Sandy Point Legends
Legends were used extensively by our Metis Elders to keep us youngsters under some control. For instance there were stories of Muntsoos (an underwater monster) who like to eat little kids when they ventured too far out into the lake when swimming. Years later when we were much older Muntsoos was given a new name "Puff". The main reason for this mythical creation of Muntsoos was to keep us from venturing too far out into the lake.
It was sort of an unfenced barrier created by our grandmothers to prevent swimming accidents and ultimately drowning. Muntsoos supposedly lived under Big Island and had paths at the bottom of the lake to various points on the lake where we had homesteads. I remember once grandpa shot at Muntsoos as it showed itself at the tip of Sandy Point. There is a long sand bar that constantly changed shape created by the flowing Churchill River as it moved slowly towards the north and into the Canadian Shield.
Sandy Point was located on the inside elbow of Isle-a-la-Crosse the South side of the point was shallow and the north side had a sudden deep drop. What my grandpa shot at now I assume was a large old sturgeon who ran aground as it went over the shallow portion of the long point. My grandfather was always scared of this monster as he called it in Cree because Sturgeon were not common to our lake and because he never killed it, he never did find out what it really was.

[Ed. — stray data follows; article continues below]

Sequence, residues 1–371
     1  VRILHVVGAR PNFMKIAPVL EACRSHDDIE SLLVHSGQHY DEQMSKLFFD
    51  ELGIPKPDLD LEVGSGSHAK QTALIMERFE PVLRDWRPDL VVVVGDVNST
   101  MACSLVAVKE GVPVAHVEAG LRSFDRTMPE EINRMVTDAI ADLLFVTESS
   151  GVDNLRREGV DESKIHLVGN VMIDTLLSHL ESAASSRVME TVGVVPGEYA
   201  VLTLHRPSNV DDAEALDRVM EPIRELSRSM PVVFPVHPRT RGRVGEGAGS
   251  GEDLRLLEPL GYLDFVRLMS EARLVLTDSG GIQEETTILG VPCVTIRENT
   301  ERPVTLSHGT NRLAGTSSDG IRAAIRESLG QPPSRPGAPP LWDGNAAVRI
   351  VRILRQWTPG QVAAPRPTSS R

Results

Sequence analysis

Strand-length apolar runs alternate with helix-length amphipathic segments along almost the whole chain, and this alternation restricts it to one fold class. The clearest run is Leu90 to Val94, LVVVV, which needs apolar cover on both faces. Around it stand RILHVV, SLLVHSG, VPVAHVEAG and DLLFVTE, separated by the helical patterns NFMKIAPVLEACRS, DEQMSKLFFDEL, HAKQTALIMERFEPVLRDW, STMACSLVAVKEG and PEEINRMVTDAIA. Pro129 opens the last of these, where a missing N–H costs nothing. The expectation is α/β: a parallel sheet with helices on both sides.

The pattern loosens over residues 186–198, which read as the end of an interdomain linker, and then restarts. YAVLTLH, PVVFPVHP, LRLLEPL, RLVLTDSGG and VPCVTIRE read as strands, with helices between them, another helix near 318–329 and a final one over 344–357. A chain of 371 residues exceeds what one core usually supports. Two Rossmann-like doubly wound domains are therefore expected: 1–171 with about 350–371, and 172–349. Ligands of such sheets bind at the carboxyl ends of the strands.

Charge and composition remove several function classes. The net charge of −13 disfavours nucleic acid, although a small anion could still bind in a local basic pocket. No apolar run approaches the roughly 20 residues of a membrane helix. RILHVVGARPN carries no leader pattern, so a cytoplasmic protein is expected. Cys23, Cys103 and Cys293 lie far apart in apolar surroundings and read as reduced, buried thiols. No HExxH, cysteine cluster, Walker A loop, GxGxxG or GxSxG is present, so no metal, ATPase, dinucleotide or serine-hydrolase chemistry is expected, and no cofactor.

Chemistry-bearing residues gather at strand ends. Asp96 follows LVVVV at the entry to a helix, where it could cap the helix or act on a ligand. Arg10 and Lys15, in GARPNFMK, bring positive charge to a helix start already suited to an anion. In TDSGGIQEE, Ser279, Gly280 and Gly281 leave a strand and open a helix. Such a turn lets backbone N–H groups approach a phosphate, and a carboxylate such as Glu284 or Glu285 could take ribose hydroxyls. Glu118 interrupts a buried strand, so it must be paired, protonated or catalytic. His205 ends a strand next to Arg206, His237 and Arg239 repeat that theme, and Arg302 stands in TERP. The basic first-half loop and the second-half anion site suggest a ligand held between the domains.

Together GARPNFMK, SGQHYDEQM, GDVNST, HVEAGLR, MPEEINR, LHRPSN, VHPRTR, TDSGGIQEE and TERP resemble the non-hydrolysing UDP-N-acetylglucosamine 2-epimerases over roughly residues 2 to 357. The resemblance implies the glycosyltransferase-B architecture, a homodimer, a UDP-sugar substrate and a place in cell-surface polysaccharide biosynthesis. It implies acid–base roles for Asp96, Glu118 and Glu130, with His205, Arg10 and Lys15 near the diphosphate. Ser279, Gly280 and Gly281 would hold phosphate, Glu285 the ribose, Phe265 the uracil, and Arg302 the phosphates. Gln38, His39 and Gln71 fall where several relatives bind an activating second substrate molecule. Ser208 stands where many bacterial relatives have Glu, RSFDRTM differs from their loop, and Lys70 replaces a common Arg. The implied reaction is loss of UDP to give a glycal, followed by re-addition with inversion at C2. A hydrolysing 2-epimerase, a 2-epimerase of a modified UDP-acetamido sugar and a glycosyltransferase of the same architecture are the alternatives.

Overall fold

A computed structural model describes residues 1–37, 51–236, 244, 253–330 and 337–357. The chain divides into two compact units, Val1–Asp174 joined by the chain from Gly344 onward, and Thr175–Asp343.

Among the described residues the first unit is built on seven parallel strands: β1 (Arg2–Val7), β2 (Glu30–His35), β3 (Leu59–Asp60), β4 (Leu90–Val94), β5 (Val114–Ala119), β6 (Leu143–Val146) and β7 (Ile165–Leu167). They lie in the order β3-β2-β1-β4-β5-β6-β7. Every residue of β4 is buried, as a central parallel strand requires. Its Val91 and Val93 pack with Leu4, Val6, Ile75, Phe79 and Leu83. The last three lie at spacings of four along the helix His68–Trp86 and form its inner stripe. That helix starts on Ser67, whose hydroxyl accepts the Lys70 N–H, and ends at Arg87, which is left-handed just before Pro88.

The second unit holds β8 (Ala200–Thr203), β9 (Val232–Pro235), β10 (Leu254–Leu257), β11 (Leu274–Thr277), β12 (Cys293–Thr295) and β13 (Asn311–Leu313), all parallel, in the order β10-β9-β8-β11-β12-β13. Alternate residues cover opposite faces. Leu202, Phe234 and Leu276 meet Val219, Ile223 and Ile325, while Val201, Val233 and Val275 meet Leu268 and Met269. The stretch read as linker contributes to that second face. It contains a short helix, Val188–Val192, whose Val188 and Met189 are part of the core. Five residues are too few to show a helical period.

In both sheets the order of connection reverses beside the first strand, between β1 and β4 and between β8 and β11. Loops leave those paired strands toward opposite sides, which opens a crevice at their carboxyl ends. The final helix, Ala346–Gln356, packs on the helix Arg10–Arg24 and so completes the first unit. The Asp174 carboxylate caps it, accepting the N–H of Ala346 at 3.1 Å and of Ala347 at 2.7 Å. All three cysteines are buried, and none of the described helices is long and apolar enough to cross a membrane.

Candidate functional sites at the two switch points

I know when we used commercial fish every now and then our gill nets would be discovered all ripped open sometimes twenty to thirty feet of the netting was ripped apart. All the netting would be ripped and all that would be left was the lines holding the floats and leads. It is quite conceivable that there was a large old sturgeon in the lake but because of its size our 210/4 netting was not strong enough to hold the fish hence the legend of Muntsoos lived on.
Other legends that kept us at bay included Whehtigo which was half man and half wolf that lurked in the forest surrounding our little island. This legend was meant to keep us youngsters again from venturing too deep into the woods and getting lost. Another legend was these great big bull frogs we always saw in grandma's strawberry garden. We were taught that these big frogs would suck our blood and we would die but really what they actually were good for was that they protected our granny's strawberry patch from us kids eating up all her berries.
The northern lights were also another source of legend in that we were not allowed to whistle at the lights lest they come down and take the whistler away forever. In general though these legends were used as control mechanisms to keep us kids in a safety net and it allowed the mothers, our dads, aunties and grandparents from having to babysit us continuously.
Today, youngsters are not taught these sort of legends and maybe that is why there is so little respect for other people and especially the Elders. Today television, cell phones, and now the internet occuppy a kid's time instead of being outside and learning about nature. TV now acts as a babysitter for most parents; children are subjected to TV and world news and daily horrors that have hardened our kids. It is interesting though that even today, I still remember vividly these legends and enjoy passing this information to my children and others.
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Don't Whistle at The Northern Lights; They will come down and take you away.
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